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Finnegan J. Calabro, Scott A. Beardsley, Lucia M. Vaina; Effects of disparity and noise on motion transparency. Journal of Vision 2004;4(8):857. doi: 10.1167/4.8.857.
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© 2015 Association for Research in Vision and Ophthalmology.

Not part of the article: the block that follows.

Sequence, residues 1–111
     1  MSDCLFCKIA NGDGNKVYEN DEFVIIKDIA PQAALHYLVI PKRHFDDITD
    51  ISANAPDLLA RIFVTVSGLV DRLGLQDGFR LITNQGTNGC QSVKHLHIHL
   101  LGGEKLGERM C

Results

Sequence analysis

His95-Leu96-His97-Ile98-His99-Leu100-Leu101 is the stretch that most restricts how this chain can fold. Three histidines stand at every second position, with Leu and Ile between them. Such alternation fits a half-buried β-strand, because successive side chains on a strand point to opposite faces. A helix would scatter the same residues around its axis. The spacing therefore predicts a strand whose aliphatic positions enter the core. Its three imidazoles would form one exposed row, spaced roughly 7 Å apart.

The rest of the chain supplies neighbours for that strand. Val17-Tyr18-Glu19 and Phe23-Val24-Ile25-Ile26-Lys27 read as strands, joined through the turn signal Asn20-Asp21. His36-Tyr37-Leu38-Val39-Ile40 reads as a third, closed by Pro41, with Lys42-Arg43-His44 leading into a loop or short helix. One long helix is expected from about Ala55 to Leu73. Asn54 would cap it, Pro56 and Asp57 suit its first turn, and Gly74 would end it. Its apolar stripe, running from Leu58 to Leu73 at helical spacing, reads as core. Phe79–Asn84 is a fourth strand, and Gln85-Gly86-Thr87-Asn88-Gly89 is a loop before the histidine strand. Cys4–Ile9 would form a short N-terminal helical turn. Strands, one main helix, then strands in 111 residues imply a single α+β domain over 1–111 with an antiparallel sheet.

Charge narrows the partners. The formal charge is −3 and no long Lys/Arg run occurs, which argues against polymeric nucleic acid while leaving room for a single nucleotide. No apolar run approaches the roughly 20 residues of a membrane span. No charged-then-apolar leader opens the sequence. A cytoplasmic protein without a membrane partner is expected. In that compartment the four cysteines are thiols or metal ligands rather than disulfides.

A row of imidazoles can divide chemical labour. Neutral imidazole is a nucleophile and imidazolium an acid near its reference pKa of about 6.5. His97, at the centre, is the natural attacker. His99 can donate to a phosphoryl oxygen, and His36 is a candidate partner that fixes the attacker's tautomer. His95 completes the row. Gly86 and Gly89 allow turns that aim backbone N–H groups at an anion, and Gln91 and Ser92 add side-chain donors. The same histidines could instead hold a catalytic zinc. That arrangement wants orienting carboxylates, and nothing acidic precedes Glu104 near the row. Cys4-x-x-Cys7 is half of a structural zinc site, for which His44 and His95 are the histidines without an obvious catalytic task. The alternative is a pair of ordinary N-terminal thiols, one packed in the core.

Purpose: To study the effects of coherence and disparity on motion transparency processing. Previous work has shown that for small direction differences in transparent displays, only a single motion vector is perceived. Further, disparity has been suggested to enhance the ability to represent two motions independently. We examine the ability of disparity to segregate transparent motion as a function of motion coherence and direction difference. Methods: In two psychophysical tasks we use random dot stereograms to quantify the ability of observers to discriminate one vs. two directions of overlapping dot motions. Stimuli were presented for 481ms in a 6deg aperture at a speed of 4deg/sec. In both tasks, discrimination thresholds (79% correct) were obtained using a 2TAFC adaptive staircase paradigm, requiring observers to select the stimulus containing transparent motion. In the first test, coherence thresholds were obtained as a function of angle difference [0deg,180deg] and disparity [-12′,12′]. In the second test, angle difference thresholds were obtained over the same disparity range for fixed coherence levels. Results: In the first test, we show that performance is not significantly different for angles greater than 45deg (p=.44), but that disparity does cause a significant difference over this range (p=.034). For angles less than 45deg, thresholds rise rapidly, and the benefit gained from disparity is less important relative to direction differences. This effect is illustrated in the second task, where for large signal strengths (e.g., 56% coherence), angle difference thresholds do not show a significant trend across disparities (p=.068). Conclusion: Our results show an ability to represent motions differing by less than 10deg, smaller than previous suggestions. Further, broad disparity (relative to direction) tuning may be sufficient to account for these results, without requiring inhibition among similar detectors.
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